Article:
Lethbridge Herald, The (Newspaper) - September 19, 1972, Lethbridge, Alberta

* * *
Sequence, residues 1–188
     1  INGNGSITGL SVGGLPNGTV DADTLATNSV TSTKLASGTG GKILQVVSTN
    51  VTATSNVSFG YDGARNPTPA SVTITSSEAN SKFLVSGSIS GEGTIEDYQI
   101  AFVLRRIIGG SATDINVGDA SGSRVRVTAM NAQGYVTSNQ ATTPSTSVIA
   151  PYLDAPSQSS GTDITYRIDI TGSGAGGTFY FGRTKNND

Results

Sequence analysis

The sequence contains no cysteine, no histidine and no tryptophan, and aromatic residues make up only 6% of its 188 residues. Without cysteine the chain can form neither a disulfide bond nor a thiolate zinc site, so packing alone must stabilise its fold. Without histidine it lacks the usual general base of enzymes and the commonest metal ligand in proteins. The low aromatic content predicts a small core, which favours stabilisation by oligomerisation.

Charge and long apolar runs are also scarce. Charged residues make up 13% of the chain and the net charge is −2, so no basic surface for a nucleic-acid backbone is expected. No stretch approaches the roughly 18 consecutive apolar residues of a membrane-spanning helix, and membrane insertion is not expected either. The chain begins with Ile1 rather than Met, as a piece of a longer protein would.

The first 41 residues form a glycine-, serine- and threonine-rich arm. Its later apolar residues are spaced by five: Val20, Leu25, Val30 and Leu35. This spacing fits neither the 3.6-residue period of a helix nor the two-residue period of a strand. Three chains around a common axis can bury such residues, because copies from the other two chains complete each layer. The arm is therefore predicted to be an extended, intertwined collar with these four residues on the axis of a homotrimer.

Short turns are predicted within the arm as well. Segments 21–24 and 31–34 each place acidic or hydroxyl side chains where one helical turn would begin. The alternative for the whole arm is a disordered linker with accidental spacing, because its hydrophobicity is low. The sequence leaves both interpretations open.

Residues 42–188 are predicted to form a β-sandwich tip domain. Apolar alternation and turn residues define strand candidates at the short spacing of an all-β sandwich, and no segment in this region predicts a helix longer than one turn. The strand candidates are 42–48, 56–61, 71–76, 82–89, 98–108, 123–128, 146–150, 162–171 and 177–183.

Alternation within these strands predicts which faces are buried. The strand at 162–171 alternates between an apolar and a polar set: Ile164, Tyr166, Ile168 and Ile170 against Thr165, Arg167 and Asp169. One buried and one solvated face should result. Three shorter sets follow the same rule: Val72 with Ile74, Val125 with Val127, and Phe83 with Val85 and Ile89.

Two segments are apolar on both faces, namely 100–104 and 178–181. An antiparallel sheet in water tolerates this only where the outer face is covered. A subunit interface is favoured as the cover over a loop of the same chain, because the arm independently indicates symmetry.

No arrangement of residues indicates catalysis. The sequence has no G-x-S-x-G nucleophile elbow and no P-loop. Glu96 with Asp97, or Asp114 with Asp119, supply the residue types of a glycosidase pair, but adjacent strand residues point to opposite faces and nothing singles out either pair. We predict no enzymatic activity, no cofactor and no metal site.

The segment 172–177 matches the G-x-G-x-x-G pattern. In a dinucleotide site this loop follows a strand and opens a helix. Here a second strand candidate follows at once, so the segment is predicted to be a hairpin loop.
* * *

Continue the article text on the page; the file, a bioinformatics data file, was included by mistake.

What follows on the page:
4 THE LE1HBRIDGE HERALD Tuesday, September 19, 197J Joseph Kraft McGovern counts heavily on youth vote Justified slaughter? The Canadian Jewish News quoting from the French language daily, Journal ilc Montreal, snys that Reno Lcvesque, hT.iler of Hie separatist Parti Quobccois writes in his news- paper column Hint tlie slaughter of the 11 Israeli athletes is an action which in itself; is, was nnd will con- tinue to "a just one." Tliis kind of statement, even from the intemperate Mr. Levesque, is as- not to say repellent. At a time when great hopes were raised for a peaceful settlement of the Mid- dle East conflict, when there were signs that Arab countries presently harboring guerrillas were consider- ing taking steps to remove them, when Aral) opinion was moving to- wards accommodation with Israel, [lie brutal massacre in Munich has stoked Hie fires of bilter hatred once more. Israel now feels justified in acts of reprisal. Some feel that the attacks against Lebanon are indefensible, others uphold them as legitimate re- taliation. But the fact is that the hor- or in Munich was the catalyst precip- itating for further violence. There is uo moral justification for slaughter of the innocents. None whatever. In supporting it, Mr. Lev- osque reveals himself as a danger- ous unprincipled hothead, a man who believes that any kind of means juslifies the end. He has placed his own special brand of hatred on the party he represents. If Rene Leveuque truly reflects the beliefs of the Parti Quebecois, it has become a party on record as approving terrorism as a political tool and that's about the filthiest weapon in modern warfare. T1 R E N T 0 N Tlio theory that George McGovern can cany Hie country through the youth vote finds a sensitive lest here in Jersey. Thanlts largely to young people, the Senator swept the Presi- dential primary here without a media campaign or any organ- izational support. Ms strafe- gists say that this state, along with California and Ohio, is one of the three big ones lliat can l3e switched to the Demo- cratic column Ihis year by new voters. But talks at several different kinds of colleges show the youth vote is nearly as diverse as the national vote. At pros- The old, old, story In [his age of immediacy, glo- bal villages and instant-every- thing, it seems there is still room for a touch of nostalgia. At least one hard-working politician must think so, because just the other night the hoary old proposition nationalizing the CPK was resurrected. Some ol' you may recall the by- gone days when the formal debate was considered to be a useful learn- ing device, especially by teachers of English literature and composition. A sort of intellectual team sport, with opposing teams arguing the posi- tive and negative sides of a parti- cular question, it was believed to stimulate thought, demonstrate the value of research and generally im- prove the mind. And who shall say it (lid not? In theory, any subject was fair game for the would-be debater, though in practice the range of top- ics was rather sharply limited by the instructor's notions of curricular utility and, of course, propriety. This probably accounts for the odd fact that at the public school level (that means up to grade 8; junior high school hadn't been the perennially favorite debating topic was "Resolved that the tractor will replace the and at the more sophisticated high schools, students regularly chose "Resolved that nationalizing the CPR would benefit Canada." It has been truly said that politi- cal issues are where you find them. Someone must have been searching pretty diligently to have dug up this one. Car safety Automobiles are not recalled for fun, nor as a publicity stunt. When a car maker recalls a large number of cars a recent recall order affected over a million units it is to check on, and where neces- sary rectify, a possible defect or mal- function, usually safety related. Recalling cars isn't a new thing; the record shows that in 1916 Buick called in a number of cars to check the fuel tank fastenings. But it wasn't until the Nader-inspired creation of the Centre for Auto Safety that mass recalls became commonplace. Now they have reached the point where in the past nine monlns Detroit actually recalled more cars than it manufac- tured, Most recalls are o! comparatively recent Models. Safety inspections are so rigid and so frequent that poten- tially dangerous defects cannot es- cape detection for very long. Yet we are told by manufacturers, safety councils, government regulatory agencies and others, that today's cars are better engineered, better built, and above all far more safe, than any previous models. It would seem reasonable to en- quire, then, if it is really necessary to recall so high a proportion of: to- day's cars, what of the millions and millions of presumably less safe models that choke our streets and highways? It's a chilling thought. ERIC N1COL Girl ivatching 'THE Canadian male is gently easing his eyeballs back Into their sockets after the greatest summer of girl watching since records have been kept. Other summers the girls have worn next to nothing but this season they put it all together and called it a hat. The delight of us dirty old men has been dimmed however by the declaration by representatives of women's lib thut what we have witnessed is not, repeat, not an excercise in sex ohjectry on the part ol the eternal Eve. "Women dress to feel cool and comfort- able. If men see this as sexually provoca- tive, the gross error lies entirely in the eye of the says one party-poopcr. Shucks. Here is the dilemma of the male animal, gallumphing about in his clumsy supposi- tions. He can't tell the difference between a woman revealing her charms in the namo of better aircondiliorring arrtl the dumb tale he has bought about the goldilocks who bares to be ogled at. The whole array of feminine come-hilher- ness is struck ambiguous to the normal, redbloodcd Canadian boy, to say nothing of the other 11 million of us. False eyelashes, for example. We face Bie filum possibility that women wear false eyelashes as a protection against air pollution, filtering out the larger particles of debris that might otherwise damage the cornea. What Bbout lipstick? Also suspect, fel- low male chauvinist pigs. Probably it nev. er was intended to pretty up milady's pucker. Once we discard this motivation, ent anyway, the new voters ave not going to make the dif- ference for McGovern, even in a state as open to student in- flucnco as New Jersey. To be sure, McGovcrn sup- port remains high at the elite school, Princeton. I talked with about a dozen Princetoiu'ans who supported McGovem hi tho June primary. They sup- port him still. But the idealism has been rtuljed by the Senator's recent performance. One girl said: "I've been turned off by Mc- Govem and liis constant has- sles. I really don't know what ho thinks now. He's not like God. He's more like Hubert Humphrey." A male student acknowledg- ed disappointment in the coun- try's lack of opposition to the bombing of North Vietnam. "The be said, "is a dead issue because only Vietnamese are being killed. A graduate siudunt strongly implied that suffrage had ac- tually taken tlw steam out of the student movement. As he put it: "The worst Ihing that ever happened to us was getting tho vote. Before we were united in a grievance and we all said: 'You let us fight, but you don't let us vote.' We at Princeton felt we could speak for all young people. But now we have the vote nnd our interests di- One sign ot the diverging In- terests emerged In chats with youngsters In the state system of higher education. For tho Prlncetonlans are frankly re- sented by students at the state and community colleges. "The Princeton kids ran said a girl from Mercer County Community College who worked for McGovem in the primary but Is not working for liim uow. The waning of Ihe war issue is felt at the public colleges, but more as n practical than an iderdislic question. One girl from Douglass, the women's di- thc real purpose of her painting her lips stands forth as bleakly obvious. Lipstick is (choose 1. An excuse for a woman ID go to Ihe powder room with her girl friend and have a good laugh at their escorts. 2. Something tasty to chew on between meals. 3. A means of identifying a man's shirt as guilty as hell. It comes as something of a shock to a black-belt voyeur like me suddenly to un- derstand that the reason why every night millions of Canadian woman painstakingly rack their hair in rollers is to look attrac- tive to Judy La Marsh. Yes, it all fits. You must have noticed, gentlemen, that your womenfolk go to con- siderably more trouble to gussy up for the ladies' auxiliary tea than they do to go bowling with you. It is humiliating to learn at this late date that for thousands of years man has been lollygagglng around woman under the delusion that his glimpse of bared bos- om was intended for erotic effect when in fact she was merely ventilating her sUiys. This column will, 1 know, draw hundreds of letters from women of all ages protest- ing that it Is not true, imploring me to believe that they have worn the miniest skirls ever this summer specifically to turn me on. Well, it's too late. The scales have fall- en from my eyes. I may never look at another scantily-clad woman, At least, not till next summer. (Vancouver province feature) vision of HutBerg, said; "You can't put your finger on Uio Vietnam issue nnymore. What can you do? Picket bomber pi- Those at the community col- lege still live in tlieir old neigh- bortoods mid arc more subject (o influence by parents and young people wlio havo taken jobs alter finishing high school. One boy at Trenton State Col- lege pointed out that for his high school classmates who had taken jobs Vietnam was no longer very Important. "They're more set In life he said. "They don't keep asking questions about the war. For them the biggest is- sues are taxes and busing." Perhaps Irecauso of such sociations, youngsters at llio state college seem more sensi- tive than the Princeton students to the issue of whether Sen. McGovem can govern. As the boy from Trenton State put it: "A lot of people are scared of McGovern. He keeps chang- ing aides and positions. They woaclcr how ho can run things. They're used to tlic war, but they're not used to some- body giving away a thousand dollars." No [inn. conclusions can be drawn from these comments. I saw only a handful of students selected more or less at ran- dom. Hut the indication of widely varied views which I found among young people is supported by other evidence. A recent Gallup poll of people un-' dcr 30 shows a drastic switch from Me Govern to Nixon. The clout o[ young people In the McGovcrn campaign in Jersey has also declined. They practically ran the show for the primary. But now tho McGovern state coordinator, Dan Ilorrjan, has worked out arrangements that give Influ- ence to the Democratic stale committee chairman, Salvaloro liontcmpo, and the boss of Es- sei. County, Harry Lcrner. Mavlre the arrival of the reg- ulars only means a broaden- ing ot hase r-f the McGw- crn campaign. Hut that Isn'I the way it looks to young peo- ple. "What it really one of them said to me, "Is that the old gang is getting ready (o pick up the pieces in New Jersey so that nest year they can give the gubernatorial nomination to some hack." (Field Enterprises, Inc.) Peter Desbarats Trudeau's second campaign moves into high gear By PETEIt DFSBARATS a tricky open- admitted erne of the the key men in the Liberals' na- tional cninnr.ijm o'-janizallon. He stopped, thought, nnd marie a quick mid-course cor- rection: "Not tricky in the tricky dick sense, you know but it's a long shot, and a difficult one." The opening of Pierre Trudeau's second national cam- paign this week was very much his own. The prime minister had lesled the approach care- fully for more than a year, in A WASP defends his 'ethnicity' By Edmund Fnller, In The Wall Street Journal HP HE RE I was, plodding through The New York Times, minding my own busi- ness, when Wham- I found myself ambushed in a racist attack by lilerary critic Alfred Kazin and novelist James T. Farrell. Addressing a group of students at the City College of New York, Mr. Kazin had derided the once-praised American concept of "the melt- ing saying time had made nonsense of it, which may be true. Mr. Farrell had delivered the worst low blow: "The melt- ing pot was essentially an Anglo-Saxon effort to nib out the past ol others Mr. Kazin, chimed in with, "If any group is to bo pitied, it is per- haps the Wasps (white, Anglo- Saxon who find their books reviewed in the back pages of Tht> New York Times Dock Review. The occasion of the bush- wacking the Times reported was a conference and film fes- tival on "The Heritage and Identity of F.thnic Groups in New York." Upon lids, my blessing. Mr. Kazin said, "Ethnicity, as a .something larger than self, making the self a bridge to the past, is very important." I'm glad the richness of individual heritages is to be recognized rather than melted down. Put, Mr. Kazin, I'm as ethnic as you arc; ev- erybody is ethnic, so let's not, have any Orwellian nuances that some arc more ethnic than others. It is not worse to be of English origin than o[ some other. Mr. Farrell credited writers of the 1920s with "first rec- ognizing t h e humanity and identity of olhcr.s hc.side mid- dle-class whatever they may be. He alleged that before Sherwood Anderson, "everything was judged by the norm, and chiiraclcrs in litera- ture did no! 'talk different' from the genlecl Wasp tradi- tion." Whoever is indicated by those loose terms, and "middle class were simply writing about themselves, as other groups did and do, including Messrs. Far- rell and Kazin, Obviously, often with suffering and injustices, the non-E n g 1 Is h speaking groups that came into this country had a difficult time finding their own new voices in an E n g 1 i s h-speaking society and against the ingrained sins of human nature. I often felt myself a thoroughly interior clhiiie during a long residence in Italy where my limitations of language made me sub-literate, speaking broken Italian. But the most astonishing slalemcnt was Mr. Farrell's charge that the melting-pot was a malign "Anglo-Saxon ef- fort, to rub out the past of oth- ers. There is an irony in that, which Mr. Kazin must have known and might have So They Say I'm not embarrassed lo bo George McGovern's seven- th choice for vice-president. We Democrats may be short of money. We're not short of tal- ent. Pity Mr. Nixon his first and only choice was Spiro Ag- new. Shrivcr. Consumers are simply sick and tired of being sick nnd tired. Palmer, 17, at a Cleveland, Ohio, public hear- ing of representatives of Ohio's new Division of Con- sumer-Protection. A photographer Incomes a photographer like a girl be- comes a prostitute. First he does it to please himself, then to please friends, finally for money. photographer Ar- thur Hothstein. had the grace to remark, If Mr. Farrell did not. The very phrase, was coined by the English Jewish writer, Israel Zangwill, as the title of a play. Like the later oversimplified concept of "in- it can now be seen to have had a naivete about it, but unquestionably it had ideal- ism behind it and was cel- ebrated more hy non-English- speaking groups than by any- one else. What history has proved, nnd It seems a good thing in spite of its disappoinling of one old ideal, is that none of as melt. Therefore, we who some call Wasps must assert our English ethnicity also. Wasp, loo, is beautiful. This is a tentative manifesto of a Wasp anli defamation league. I'm striking a blow for my perscculed people whom so many deem to have become obsolete. Of course, when that bicen- tennial comes around in 197G, it will difficult to igoore cer- tain Waspish names such as Jettcrson, Washington, Adams, Madison and Monroe. True, there were Salomons, Pulnskis, Eteubens, Lafayettes and oth- ers on the scene, hut it was those Wasps who launched that particular dream at that lime and place. The inspiraion for It camo principally from the Bi- ble, which Is not a Wasp docu- ment, and from Ihe Greek and Iloman states of antiquity where English was not spoken. We arc all in this together, brothers Kazin and Farrell. If we're going to celebrate ethnic identities, let's concede licaufy (o us all, and virtue nnd folly as well. My suggestion is that it will clear Ihe air if Ihose who endured derisive labels from others (and not from my group alone) now would drop the Wasp bit. Then we can all get as busy as hoes wilh the common tasks ahead of us. speeches, dialogues with au- diences and hot-line sessions. In the past few weeks he had de- fined it more closely in a series of campaign interviews with myself and other Journalists. By last Tuesday, the prime minister's special assistant and travelling speech-writer in IWs campaign, Ivan Head, had a wealth of material to assemble and polish into the opening campaign statement at Trudeau's own nomination in Montreal. The speech was only partly successful because the prime minister is trying to do some- thing which is politically risky and inherently difficult. "Though unable to articulate it as he said at his nomination, sense thnt we possess nil that is necessary to make this country a model for our children and for outsiders." The difficulties and risks of this approach stem both from content and from Triulcau's style of delivery. The content Is based net only on the prime minister's per- sonal feeing aljout the nation hul on the results of four exten- sive national public opinion polls, each involving n canvass of up to Canadians, under- taken hy the federal Lilwral or- ganization between January, 1971, nnd last August. These polls indicated to Hie party that, despite fears about uoem- ployement and inflation, most Canadians were optimistic about the future of the country and the outlook for themsleves. In assessing the "national sentiment" of Canadians, tho Liberal polls again contradicted the judgments of many profes- sional "literate" that Trudeau sneered nt In To- ronto this week-who are wor- ried about the divisive forces that "make you feel, when you cross Canada from Vancouver to Halifax, ns If you hnd crossed five countries Instead of Jean Marchand said at Trudeau's own nomi- nation. Looking backward Through The Herald 192Z A fifty barrel roller mill is being installed by the rtockport Colony of Mennonifes south of Magralh. The building of a mill in this district will be a good thing for the farmers as they will be able to fake their wheat and exchange it for (lour and feed. 1932 Miss Adrienne Allen, the F.nglish aclress, who scored a big success in New York, and her husband, Raymond Mas- scy, actor-producer, have just relumed from England. Mr. Masscy Is a brother of the Hon. Vincent Massey, former Canadian minister to Washing- ton. 1312 Gordon Black will be the chairman of the Lelhbridgo Kiwanis "Apple Day Week Drive" September 23-30. Pro- ceeds from the drive will go to replenish the Community and War Service Chest of the club. 13S.Z Lefly Eshpcter, city athlelic inslructor, said yester- day that arrangements have been made by the Recreation Department to have a mcm- IJOT of the Calgary Stampedcrs at the Sports Centre Tuesday nigh lo show a number films. The Utlikutgc Herald RM 7th St. S., LetlibrifTgc, Alberta LETHBRIDGE HERALD HO. LTD., Proprietors and Publishers Published 1905-105-1, by Hon. W. A. BUCHANAN Second Class Mall Registration No. M13 Member cl Ins Canadian Press and Ihe Canadian Daily Allocation end Ilia Audit Bureau of Cirtulalloni CLEO W. MOWERS, Editor Publisher THOMAS H. ADAMS, General Manager DOM PILLING WILLIAM >1AY Managing Edifor Ai'ochlc Eriifar ROY F. MtLES DOUGLAS K. WALKER Advirllsfng Maniger fcdilanai Pane Editor "THE HERALD SERVES THE SOUTH"